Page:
3 habits that will cripple your leadership

R128 Leadership Crutch picThe need for fully healthy and strong leaders seems to be increasing. The reason is too many leaders are crippled by their habits. Leaders by nature deeply want to help people, that’s why they are leaders. Yet we get into certain habits we don’t even realize. There are 3 habits that cause leaders to hobble around as if they were on crutches and never seem to heal or through those crutches away.




Crippling Habit #1—Comparing – Focus on others

  • Never leads to excellence
  • Determines the least common denominator
  • “…At least I’m not like him…”
  • “…Why does she get all the good stuff…”
  • Hides what you have
  • Focus is on their progress not on yours
  • Their path becomes your boundary
    • Called keeping up with the joneses
  • Demands a winner – you ultimately win they loose.
    • Or you compare yourself to those who are better and you become defeated

 It is not Goodness to be better than the worst – Seneca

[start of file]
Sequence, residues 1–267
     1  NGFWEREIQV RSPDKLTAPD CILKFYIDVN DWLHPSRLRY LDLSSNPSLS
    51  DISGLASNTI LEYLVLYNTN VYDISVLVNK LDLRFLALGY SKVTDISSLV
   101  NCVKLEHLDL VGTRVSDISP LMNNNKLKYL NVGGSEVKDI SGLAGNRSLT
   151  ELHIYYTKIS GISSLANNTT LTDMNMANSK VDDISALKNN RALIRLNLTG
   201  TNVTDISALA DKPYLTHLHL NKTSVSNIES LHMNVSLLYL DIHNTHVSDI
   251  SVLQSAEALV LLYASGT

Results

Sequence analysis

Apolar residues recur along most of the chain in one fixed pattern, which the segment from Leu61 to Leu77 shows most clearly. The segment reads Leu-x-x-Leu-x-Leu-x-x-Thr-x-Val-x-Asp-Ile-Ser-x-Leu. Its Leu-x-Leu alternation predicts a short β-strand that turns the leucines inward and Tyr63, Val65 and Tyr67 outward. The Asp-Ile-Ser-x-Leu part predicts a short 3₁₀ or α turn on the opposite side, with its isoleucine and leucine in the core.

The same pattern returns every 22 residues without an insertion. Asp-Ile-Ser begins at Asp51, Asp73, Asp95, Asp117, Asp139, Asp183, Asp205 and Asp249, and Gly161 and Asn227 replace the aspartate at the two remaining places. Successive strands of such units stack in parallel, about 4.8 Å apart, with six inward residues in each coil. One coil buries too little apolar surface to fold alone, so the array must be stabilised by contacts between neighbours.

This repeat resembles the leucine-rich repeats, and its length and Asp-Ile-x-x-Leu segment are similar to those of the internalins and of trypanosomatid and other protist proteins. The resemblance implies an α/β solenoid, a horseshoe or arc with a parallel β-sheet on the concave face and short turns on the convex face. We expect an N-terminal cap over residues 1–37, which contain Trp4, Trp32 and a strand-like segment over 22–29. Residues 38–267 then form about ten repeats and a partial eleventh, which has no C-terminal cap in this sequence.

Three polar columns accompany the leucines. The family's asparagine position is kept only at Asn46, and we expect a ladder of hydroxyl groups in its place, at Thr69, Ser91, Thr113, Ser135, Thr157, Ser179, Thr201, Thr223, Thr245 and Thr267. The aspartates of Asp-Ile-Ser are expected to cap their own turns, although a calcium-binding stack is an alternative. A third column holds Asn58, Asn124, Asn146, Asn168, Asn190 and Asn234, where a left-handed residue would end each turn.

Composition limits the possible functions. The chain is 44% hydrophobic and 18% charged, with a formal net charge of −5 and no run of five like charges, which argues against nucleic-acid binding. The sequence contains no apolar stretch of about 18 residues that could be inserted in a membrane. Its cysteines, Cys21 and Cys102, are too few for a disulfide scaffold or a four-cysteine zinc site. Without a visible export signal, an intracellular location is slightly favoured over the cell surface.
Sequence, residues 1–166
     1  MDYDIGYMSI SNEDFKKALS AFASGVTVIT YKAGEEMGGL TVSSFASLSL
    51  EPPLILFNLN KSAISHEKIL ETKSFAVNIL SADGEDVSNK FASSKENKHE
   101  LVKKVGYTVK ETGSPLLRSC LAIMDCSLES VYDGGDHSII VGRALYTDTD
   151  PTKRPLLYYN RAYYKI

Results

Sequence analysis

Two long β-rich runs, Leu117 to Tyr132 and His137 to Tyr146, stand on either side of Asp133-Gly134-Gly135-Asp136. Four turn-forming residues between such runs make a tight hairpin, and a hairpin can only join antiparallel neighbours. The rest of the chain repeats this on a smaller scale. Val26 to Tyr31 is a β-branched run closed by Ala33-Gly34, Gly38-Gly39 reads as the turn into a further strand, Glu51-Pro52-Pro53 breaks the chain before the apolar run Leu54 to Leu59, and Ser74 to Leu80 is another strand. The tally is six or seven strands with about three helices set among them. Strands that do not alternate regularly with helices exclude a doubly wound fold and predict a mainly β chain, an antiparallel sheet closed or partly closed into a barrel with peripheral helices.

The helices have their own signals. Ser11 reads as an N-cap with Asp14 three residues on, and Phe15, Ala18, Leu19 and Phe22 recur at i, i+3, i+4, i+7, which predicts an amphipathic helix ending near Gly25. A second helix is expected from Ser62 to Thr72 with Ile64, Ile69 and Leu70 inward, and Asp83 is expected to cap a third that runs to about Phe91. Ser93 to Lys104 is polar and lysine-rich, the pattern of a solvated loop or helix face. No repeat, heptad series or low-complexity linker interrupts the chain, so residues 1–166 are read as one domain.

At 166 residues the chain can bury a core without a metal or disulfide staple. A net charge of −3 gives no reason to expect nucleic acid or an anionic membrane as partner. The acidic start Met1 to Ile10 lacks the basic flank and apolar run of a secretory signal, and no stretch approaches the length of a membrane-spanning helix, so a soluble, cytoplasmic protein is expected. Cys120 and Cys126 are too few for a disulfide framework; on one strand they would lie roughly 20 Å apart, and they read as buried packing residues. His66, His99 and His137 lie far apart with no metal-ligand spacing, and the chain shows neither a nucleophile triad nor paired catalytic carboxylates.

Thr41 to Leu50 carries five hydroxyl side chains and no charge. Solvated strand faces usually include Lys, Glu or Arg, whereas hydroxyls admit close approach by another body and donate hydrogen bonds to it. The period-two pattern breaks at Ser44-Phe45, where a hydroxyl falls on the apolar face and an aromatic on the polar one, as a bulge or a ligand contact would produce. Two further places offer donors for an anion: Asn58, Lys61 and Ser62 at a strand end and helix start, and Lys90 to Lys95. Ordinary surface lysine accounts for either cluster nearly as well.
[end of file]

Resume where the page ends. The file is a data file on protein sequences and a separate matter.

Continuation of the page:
I often find myself in the midst of other men and women doing what I do. When I get around them I am tempted to compare myself to them. Their circumstances, experience, and surroundings cannot possibly match mine. It will always be an unfair comparison.


Crippling Habit #2—Criticizing – Focus on Self

  • Form of Pride
  • You think you can do it better than others
  • Put you up above the one you criticize
  • Critical spirit is different than critique
  • Critical spirit skews your perception
  • Focus on the negative over the positive
  • Points out the wrong and never sees the right

Getting into the habit of criticizing clouds your perception and vision. Criticizing leads to excuses and blame shifting. It’s a focus on what is wrong over what is right or good.

Crippling Habit #3—Complaining – Focus on Problem

  • Makes you the victim
  • Is focus on the problem not the solution
  • Leaders are problem solvers not problem pointers
  •  Is the hit and run, drive-by-shooting of organizations.

Complaining keeps you wandering in circles. The Jewish people of the Old Testament (the Bible) wandered around in the desert for 40 years partly because of their habit of complaining.

These three habits are partners. They usually run together and limit, stifle, and eradicate influence in the leader. The leader is left limping from one ineffective meeting to another not accomplishing anything.

3 things to do to stop the habit

  1. Compare to yesterday – Be better today then you were yesterday
  2. Evaluate – Ask those around you how you can help.
  3. Creativity – Solutions come from creative minds not complaining voices.



What habits have you seen that Compliment the Leader and not Cripple him or her?